Document Detail

Estradiol and metabolic syndrome in older italian men: The InCHIANTI Study.
MedLine Citation:
PMID:  19059904     Owner:  NLM     Status:  MEDLINE    
The increasing prevalence of metabolic syndrome (MS) with age in older men has been linked with decreasing testosterone levels. Interestingly, while testosterone levels decline with age, estradiol (E2) levels remain relatively stable, resulting in a decreased testosterone:E2 ratio. Because E2 levels tend to be elevated in morbid obesity, insulin resistance, and diabetes, it is reasonable to hypothesize that high E2 levels are associated with MS in older men. We studied the relationship of total and free E2 with MS after adjustment for multiple confounders, including age, BMI, smoking, alcohol consumption, physical activity, interleukin-6 (IL-6), fasting insulin, and testosterone. Men 65 years or older (age range, 65-96; n = 452) had complete data on E2, testosterone, fasting insulin, sex hormone-binding globulin, IL-6, and albumin. Concentrations of free E2 and free testosterone were calculated using the mass action equations. MS was defined according to Adult Treatment Panel III (ATP-III). Participants with MS had significantly higher serum free and total E2 (P < .001) (P = .003). After adjusting for confounders, including age, smoking, alcohol consumption, physical activity, log(IL-6), and log(insulin), participants with higher log(total E2) (odds ratio [OR], 2.31; 95% confidence interval [95% CI], 1.39-4.70; P = .02) and higher log(free E2) (OR, 2.69; 1.38-5.24; P < .001) had an increased risk of having MS. Log(free E2) (P = .04) maintained significant correlation with MS, even after further adjustment for BMI. In older men, high E2 is independently associated with MS. Whether confirmed in other studies, assessment of E2 should be also considered in older men. Whether changes in this hormonal pattern play a role in the development of MS should be further tested in longitudinal studies.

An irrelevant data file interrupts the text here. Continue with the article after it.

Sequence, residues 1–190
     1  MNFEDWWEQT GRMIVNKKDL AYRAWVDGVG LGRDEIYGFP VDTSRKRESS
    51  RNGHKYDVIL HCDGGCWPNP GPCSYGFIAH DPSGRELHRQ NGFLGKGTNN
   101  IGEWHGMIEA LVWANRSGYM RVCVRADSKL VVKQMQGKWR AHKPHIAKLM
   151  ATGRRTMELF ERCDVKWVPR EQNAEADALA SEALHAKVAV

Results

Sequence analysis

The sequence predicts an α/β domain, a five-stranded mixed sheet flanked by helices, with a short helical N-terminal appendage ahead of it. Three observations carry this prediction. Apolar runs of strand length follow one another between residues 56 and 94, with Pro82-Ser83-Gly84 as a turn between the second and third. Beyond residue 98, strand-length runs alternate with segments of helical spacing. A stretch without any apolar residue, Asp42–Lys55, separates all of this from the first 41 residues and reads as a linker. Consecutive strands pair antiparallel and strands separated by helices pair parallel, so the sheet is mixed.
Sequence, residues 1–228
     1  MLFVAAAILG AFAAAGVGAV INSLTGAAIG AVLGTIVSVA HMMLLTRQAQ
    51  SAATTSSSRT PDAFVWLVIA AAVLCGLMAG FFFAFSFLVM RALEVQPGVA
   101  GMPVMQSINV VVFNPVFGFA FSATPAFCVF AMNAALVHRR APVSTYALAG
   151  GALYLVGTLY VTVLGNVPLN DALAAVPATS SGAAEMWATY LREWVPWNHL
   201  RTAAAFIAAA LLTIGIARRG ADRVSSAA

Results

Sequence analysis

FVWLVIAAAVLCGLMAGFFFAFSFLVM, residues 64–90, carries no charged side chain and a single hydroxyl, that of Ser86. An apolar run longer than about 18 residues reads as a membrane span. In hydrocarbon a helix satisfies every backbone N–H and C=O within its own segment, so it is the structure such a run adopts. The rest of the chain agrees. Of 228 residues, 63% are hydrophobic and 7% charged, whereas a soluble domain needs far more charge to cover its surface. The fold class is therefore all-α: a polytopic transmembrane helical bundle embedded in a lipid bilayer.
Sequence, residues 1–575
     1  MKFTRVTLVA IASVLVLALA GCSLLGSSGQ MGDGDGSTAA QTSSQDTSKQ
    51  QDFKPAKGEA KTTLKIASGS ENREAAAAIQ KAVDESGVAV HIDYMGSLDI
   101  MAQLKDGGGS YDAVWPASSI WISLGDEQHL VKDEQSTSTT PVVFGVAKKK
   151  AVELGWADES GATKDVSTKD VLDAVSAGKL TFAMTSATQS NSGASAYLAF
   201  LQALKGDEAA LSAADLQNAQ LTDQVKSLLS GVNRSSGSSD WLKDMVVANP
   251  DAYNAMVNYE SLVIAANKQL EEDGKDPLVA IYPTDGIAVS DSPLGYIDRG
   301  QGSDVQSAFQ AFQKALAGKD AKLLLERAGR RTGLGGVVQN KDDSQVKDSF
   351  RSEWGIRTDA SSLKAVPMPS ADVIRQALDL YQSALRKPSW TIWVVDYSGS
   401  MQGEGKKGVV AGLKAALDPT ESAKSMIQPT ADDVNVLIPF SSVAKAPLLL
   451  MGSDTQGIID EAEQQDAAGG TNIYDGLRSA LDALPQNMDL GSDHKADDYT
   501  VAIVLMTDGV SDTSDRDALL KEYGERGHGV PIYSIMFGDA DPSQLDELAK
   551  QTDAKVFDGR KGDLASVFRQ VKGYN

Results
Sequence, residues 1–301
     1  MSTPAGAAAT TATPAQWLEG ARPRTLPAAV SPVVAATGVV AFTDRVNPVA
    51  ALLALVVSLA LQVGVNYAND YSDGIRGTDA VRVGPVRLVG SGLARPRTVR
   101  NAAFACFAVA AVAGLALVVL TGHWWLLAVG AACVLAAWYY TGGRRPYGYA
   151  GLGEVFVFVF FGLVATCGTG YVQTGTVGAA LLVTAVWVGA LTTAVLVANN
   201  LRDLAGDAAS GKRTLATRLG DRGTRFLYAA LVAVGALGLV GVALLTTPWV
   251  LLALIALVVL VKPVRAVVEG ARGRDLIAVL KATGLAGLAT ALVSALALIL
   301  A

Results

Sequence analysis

Marcello Maggio; Fulvio Lauretani; Gian Paolo Ceda; Stefania Bandinelli; Shehzad Basaria; Giuseppe Paolisso; Claudio Giumelli; Michele Luci; Samer S Najjar; E Jeffrey Metter; Giorgio Valenti; Jack Guralnik; Luigi Ferrucci
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Publication Detail:
Type:  Journal Article; Research Support, N.I.H., Extramural; Research Support, N.I.H., Intramural; Research Support, Non-U.S. Gov't     Date:  2008-12-04
Journal Detail:
Title:  Journal of andrology     Volume:  31     ISSN:  1939-4640     ISO Abbreviation:  J. Androl.     Publication Date:    2010 Mar-Apr
Date Detail:
Created Date:  2010-03-19     Completed Date:  2010-06-14     Revised Date:  2013-06-04    
Medline Journal Info:
Nlm Unique ID:  8106453     Medline TA:  J Androl     Country:  United States    
Other Details:
Languages:  eng     Pagination:  155-62     Citation Subset:  IM    
Department of Internal Medicine and Biomedical Sciences, Section of Geriatrics, University of Parma, 43100 Parma, Italy.
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MeSH Terms
Aged, 80 and over
Aging / physiology*
Estradiol / blood*
Insulin / blood
Interleukin-6 / blood
Metabolic Syndrome X / metabolism*
Serum Albumin / analysis
Sex Hormone-Binding Globulin / analysis
Testosterone / blood
Grant Support
263 MD 821336/MD/NIMHD NIH HHS; 263 MD 9164 13/MD/NIMHD NIH HHS; N01 AG821336/AG/NIA NIH HHS; N01 AG916413/AG/NIA NIH HHS; N01-AG-821336/AG/NIA NIH HHS; N01-AG-916413/AG/NIA NIH HHS
Reg. No./Substance:
0/Insulin; 0/Interleukin-6; 0/Serum Albumin; 0/Sex Hormone-Binding Globulin; 50-28-2/Estradiol; 58-22-0/Testosterone

From MEDLINE®/PubMed®, a database of the U.S. National Library of Medicine

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